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State Small Business Credit Initiative Regulatory Q&A

Will participation in an SSBCI program result in greater regulatory scrutiny?

In response to an inquiry from Governor Pat Quinn of Illinois, John C. Lyons Jr., Senior Deputy Comptroller for Bank Supervision Policy and Chief National Bank Examiner, explained how the Office of the Comptroller of the Currency (OCC) views loans made through a State Small Business Credit Initiative (SSBCI) program. In his letter, which is available on, Mr. Lyons states that a bank’s participation in an SSBCI program does not in itself subject the bank to increased supervisory scrutiny.

He also noted that national banks and federal savings associations (collectively, banks) should maintain good lending practices and ensure that their participation in the SSBCI or similar programs is consistent with and supports their institutions’ overall strategic goals and objectives. Examiners consider and evaluate this due diligence process as part of their normal safety and soundness examinations.

What considerations should a bank have when participating in a new public credit enhancement program?

Banks participating in any public credit enhancement program need to make sure they effectively implement the program and comply with all of the necessary public regulations, so that the credit enhancements are honored if there are any problems with the loan.

Can a bank with an enforcement action participate in an SSBCI program?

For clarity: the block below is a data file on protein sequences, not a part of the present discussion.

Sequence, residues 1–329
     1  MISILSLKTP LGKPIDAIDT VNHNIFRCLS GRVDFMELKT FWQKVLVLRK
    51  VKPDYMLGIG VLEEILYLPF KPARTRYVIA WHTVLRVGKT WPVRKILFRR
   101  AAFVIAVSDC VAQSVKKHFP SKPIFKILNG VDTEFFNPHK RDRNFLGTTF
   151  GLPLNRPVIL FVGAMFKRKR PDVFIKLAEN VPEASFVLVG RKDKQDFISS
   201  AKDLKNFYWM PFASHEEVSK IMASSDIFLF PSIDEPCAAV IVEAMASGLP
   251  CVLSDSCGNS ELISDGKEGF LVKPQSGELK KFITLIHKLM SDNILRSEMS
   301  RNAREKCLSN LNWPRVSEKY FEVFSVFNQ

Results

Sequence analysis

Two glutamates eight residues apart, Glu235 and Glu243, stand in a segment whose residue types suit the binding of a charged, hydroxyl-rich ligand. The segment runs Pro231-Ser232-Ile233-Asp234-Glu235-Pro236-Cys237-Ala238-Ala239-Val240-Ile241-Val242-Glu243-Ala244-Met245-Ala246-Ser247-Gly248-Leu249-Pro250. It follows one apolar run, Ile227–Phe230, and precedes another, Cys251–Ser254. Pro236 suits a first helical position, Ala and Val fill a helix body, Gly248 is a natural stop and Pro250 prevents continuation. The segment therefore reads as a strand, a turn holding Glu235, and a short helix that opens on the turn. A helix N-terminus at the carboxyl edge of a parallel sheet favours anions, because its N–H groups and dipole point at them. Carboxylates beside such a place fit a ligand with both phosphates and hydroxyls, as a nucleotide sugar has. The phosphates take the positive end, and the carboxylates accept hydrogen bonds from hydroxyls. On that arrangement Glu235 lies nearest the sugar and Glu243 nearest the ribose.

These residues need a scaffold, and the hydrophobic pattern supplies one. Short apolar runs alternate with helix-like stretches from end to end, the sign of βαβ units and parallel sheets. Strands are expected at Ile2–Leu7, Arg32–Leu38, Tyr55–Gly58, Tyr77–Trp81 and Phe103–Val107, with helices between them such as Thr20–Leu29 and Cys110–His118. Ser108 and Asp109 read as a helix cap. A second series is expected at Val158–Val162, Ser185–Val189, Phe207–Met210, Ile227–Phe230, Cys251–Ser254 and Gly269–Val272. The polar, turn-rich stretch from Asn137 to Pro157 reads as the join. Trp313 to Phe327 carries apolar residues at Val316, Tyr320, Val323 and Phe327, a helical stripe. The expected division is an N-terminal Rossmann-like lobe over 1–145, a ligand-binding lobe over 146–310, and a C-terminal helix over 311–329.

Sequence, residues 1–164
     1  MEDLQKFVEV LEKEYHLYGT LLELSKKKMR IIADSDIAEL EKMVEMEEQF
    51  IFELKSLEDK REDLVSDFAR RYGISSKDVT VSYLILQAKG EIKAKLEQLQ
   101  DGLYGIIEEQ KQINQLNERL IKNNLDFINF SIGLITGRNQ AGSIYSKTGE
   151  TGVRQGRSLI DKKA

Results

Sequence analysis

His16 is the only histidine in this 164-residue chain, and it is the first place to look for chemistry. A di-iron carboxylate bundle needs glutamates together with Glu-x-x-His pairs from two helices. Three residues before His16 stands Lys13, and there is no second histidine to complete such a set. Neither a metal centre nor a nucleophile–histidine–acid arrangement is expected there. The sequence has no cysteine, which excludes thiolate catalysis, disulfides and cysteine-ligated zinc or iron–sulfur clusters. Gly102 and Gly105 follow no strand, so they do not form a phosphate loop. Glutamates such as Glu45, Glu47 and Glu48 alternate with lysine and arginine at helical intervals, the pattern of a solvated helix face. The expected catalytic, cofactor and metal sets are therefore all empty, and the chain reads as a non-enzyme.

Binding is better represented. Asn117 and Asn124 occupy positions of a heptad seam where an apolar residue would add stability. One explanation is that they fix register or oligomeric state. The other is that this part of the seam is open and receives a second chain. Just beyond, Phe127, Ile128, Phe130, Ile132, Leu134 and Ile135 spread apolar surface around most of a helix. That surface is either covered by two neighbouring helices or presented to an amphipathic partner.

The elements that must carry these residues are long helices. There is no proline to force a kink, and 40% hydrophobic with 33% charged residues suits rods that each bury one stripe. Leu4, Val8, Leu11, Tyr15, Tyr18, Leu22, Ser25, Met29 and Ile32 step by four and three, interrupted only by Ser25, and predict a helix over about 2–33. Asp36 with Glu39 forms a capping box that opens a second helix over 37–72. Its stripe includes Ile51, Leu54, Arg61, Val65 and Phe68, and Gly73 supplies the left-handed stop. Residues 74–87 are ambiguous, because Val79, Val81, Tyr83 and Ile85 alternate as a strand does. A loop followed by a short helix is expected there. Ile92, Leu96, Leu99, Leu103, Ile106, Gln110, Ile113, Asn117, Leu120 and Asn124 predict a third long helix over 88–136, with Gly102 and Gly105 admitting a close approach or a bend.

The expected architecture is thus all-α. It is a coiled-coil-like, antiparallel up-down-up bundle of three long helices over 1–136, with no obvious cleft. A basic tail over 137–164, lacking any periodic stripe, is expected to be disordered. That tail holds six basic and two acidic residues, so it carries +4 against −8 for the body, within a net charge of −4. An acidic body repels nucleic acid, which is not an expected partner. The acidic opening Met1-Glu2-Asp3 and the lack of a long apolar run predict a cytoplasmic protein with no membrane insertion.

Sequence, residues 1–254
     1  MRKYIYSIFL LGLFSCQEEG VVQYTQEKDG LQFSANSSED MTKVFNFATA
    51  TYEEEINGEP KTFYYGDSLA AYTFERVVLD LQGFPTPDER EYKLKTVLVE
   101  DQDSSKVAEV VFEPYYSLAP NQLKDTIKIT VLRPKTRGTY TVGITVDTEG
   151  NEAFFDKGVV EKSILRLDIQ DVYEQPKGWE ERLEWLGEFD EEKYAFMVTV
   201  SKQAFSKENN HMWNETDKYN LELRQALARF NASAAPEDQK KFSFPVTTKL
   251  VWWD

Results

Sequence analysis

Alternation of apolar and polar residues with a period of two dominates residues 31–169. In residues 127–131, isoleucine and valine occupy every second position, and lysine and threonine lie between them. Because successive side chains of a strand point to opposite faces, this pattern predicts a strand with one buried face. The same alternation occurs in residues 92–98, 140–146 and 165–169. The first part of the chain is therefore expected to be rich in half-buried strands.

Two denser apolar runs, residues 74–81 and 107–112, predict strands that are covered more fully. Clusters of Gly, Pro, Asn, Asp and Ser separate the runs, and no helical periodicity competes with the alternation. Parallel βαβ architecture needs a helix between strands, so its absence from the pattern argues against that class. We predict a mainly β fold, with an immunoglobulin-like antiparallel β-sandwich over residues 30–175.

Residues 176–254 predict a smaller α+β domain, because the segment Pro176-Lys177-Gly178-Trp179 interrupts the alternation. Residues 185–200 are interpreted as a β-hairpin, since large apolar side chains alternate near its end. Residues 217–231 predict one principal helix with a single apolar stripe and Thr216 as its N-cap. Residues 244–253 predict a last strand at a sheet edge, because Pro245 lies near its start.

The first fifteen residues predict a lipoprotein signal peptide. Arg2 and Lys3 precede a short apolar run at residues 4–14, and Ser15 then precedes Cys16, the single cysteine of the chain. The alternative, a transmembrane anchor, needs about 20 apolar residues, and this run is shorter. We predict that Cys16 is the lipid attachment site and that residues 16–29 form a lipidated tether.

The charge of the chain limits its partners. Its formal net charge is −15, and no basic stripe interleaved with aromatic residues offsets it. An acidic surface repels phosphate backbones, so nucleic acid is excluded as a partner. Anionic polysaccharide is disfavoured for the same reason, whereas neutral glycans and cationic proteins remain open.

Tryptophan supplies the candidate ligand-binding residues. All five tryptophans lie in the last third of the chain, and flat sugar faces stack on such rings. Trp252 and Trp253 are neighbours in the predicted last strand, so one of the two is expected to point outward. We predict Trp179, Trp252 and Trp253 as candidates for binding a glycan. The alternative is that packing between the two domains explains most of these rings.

States are responsible for determining the criteria for participation. States developing criteria for lender participation need to determine their risk tolerance for participation in SSBCI programs.

Formal enforcement actions are one component of publicly available data that states may use to assess a bank’s financial and managerial capacity. The presence of a formal enforcement action, however, may not be the only indicator of an institution’s capacity to engage in small-business lending or to participate in a public credit enhancement program. It is advisable to review more than one indicator when making a determination of a lender’s financial and managerial capacity.

Banks with enforcement actions that are considering participation in the SSBCI should inform their OCC Assistant Deputy Comptroller of their plans. Small-business lending must be part of the bank’s approved business plan, and the bank must have the financial and managerial capacity to make safe and sound loans and comply with the appropriate regulations.

What is an enforcement action?

The OCC Report of Examination (ROE) documents findings and conclusions with respect to its supervisory review of the bank. The ROE is the OCC’s primary method for supervisory communications to the bank regarding the bank’s condition.

An enforcement action is a tool the OCC uses to communicate problems or weaknesses to, and require corrective measures by, a bank’s senior management and board of directors. Once problems or weaknesses are identified and communicated to the bank, the bank’s senior management and board of directors are expected to promptly correct them. Whenever possible, OCC enforcement actions should deal with problems or weaknesses at an early stage, before they develop into more serious supervisory issues or adversely affect a bank’s performance and viability. This may mean taking action before problems or weaknesses are reflected in a bank’s financial condition.

OCC enforcement actions can be considered in two broad categories, informal and formal. Informal actions are used when the bank’s overall condition is sound but it is necessary to obtain written commitments from the bank’s board of directors to ensure identified problems and weaknesses will be corrected. Informal enforcement actions are not publicly disclosed.